In Richard Connell's short story, "The Most Dangerous Game';, the use of literary devices, found blended with other literary devices, gives the story an inner meaning. The blending of literary devices effectively expresses the intentions of Connell to present contrast between the antagonist and protagonist points of view. As a result, the reader can gain insight on the good and evil sides of the story to enhance the purpose of his interpretation. "The Most Dangerous Game'; by Richard Connell presents literary devices such as foreshadowing, setting, and irony which reveal the underlying meaning of the story.
Connell's use of foreshadowing creates an atmosphere of mystery and a hesitant feeling of not knowing what events will occur. For instance, Zaroff "has ceased [hunting]'; because all the animals "had become too easy'; to chase; but one animal has a certain characteristic of being "able to reason'; which rekindles his passion for the thrill of the hunt (68). The vague statement at which Zaroff makes at Rainsford obviously hints toward humans as being the animal of reason because referring to the statement Rainsford makes in the early stages of the story, he asserts that animals do not feel or think. Now that Rainsford conceives the idea that Zaroff hunts humans, it provides Rainsford with a frustrating mental reaction of fear and anger because Zaroff openly declares that he poaches humans for amusement and yet Rainsford feels the anxiety of dying in his sick game. Equally important, while Zaroff hunts strategically, "[his] brain against [Rainsford]'; (71), "it sent a shudder of cold horror'; in the flowing veins of Rainsford because of the fear that he will "lose [his] nerve'; (73). Immediately, when Rainsford enters the repulsive jungle, he knows that the strategy for staying alive becomes not only physically, but by remaining mentally strong and not losing his nerves. For this reason, by staying on objective and visualizing his goal of achieving victory over Zaroff; Rainsford will not have to worry about weakness from hunger because he will be full of hope and optimism for the rest of his life. Connell utilizes foreshadowing in a way that other authors do not compare because when he uses an event that contains foreshadowing, he does not state it candidly but blends foreshadowing into story like the ...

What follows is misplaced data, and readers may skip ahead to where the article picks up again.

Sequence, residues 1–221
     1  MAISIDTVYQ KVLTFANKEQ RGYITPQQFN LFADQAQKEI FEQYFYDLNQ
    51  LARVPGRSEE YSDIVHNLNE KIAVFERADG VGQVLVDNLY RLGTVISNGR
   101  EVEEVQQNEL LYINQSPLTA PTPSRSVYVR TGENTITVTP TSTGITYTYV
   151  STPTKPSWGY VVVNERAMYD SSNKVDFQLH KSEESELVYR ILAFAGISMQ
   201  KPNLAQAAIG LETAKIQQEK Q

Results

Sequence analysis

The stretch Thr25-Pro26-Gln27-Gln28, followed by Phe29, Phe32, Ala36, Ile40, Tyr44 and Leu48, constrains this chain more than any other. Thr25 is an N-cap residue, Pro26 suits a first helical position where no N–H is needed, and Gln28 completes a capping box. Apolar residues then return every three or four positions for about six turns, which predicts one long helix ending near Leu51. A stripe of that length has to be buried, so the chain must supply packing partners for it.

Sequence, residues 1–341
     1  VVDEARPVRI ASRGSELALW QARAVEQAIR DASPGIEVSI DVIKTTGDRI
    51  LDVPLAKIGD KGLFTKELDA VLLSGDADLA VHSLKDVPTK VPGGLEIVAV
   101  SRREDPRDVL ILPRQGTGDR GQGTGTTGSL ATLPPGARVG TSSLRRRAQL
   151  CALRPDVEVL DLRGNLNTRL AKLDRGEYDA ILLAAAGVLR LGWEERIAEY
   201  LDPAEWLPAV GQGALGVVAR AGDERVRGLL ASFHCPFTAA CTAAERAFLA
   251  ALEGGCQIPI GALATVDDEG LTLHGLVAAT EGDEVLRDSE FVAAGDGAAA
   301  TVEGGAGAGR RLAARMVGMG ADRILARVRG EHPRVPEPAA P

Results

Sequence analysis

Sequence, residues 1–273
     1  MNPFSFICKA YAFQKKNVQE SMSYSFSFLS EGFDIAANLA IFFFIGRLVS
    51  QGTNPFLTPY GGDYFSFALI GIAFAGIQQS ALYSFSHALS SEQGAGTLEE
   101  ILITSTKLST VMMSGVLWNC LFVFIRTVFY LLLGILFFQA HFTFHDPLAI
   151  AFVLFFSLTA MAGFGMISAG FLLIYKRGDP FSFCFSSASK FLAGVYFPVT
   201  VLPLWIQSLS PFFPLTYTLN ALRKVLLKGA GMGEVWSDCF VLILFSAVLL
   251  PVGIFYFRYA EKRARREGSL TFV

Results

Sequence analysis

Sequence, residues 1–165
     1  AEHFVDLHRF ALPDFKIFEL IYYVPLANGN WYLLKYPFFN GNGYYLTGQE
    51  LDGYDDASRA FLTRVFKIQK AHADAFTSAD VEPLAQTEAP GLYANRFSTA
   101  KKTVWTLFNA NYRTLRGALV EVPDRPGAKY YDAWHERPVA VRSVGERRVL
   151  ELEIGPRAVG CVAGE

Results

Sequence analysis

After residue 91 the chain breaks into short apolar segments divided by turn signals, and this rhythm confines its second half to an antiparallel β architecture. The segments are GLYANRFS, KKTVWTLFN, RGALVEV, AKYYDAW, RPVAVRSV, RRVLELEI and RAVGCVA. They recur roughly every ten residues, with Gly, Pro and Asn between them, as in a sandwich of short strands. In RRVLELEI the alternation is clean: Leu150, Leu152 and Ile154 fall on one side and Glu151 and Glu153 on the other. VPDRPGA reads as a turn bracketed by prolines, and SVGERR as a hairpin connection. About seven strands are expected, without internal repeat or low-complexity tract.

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...ting, and irony essential to the effect of the story, Connell utilizes his command of these literary devices to relate to the everyday life of the reader. Throughout the story, Zaroff exclaims that when he murders animals, it does not excite him which leads him to kill humans. The wrongful action which Zaroff commits demonstrates the way the world behaves today, specifically the hunting world. For this reason in the hunting world of today, people kill animals for either game or for enjoyment; but what perverse mind enjoys that slaughter of creatures? The violence of today exists all around where people call home or gather to socialize with other people. For example, when people leave their home to watch movies; people mostly watch violent or action movies for their exciting content. As soon as the movie ends, people come away from the theater with sadistic images which begins the desensitization from violence. The world today must recognize this event that happens to often to the population of the world today because when people view violent movies frequently and feel nothing, people become like Zaroff and kill animals or people because movies do not provide enough exhilaration.
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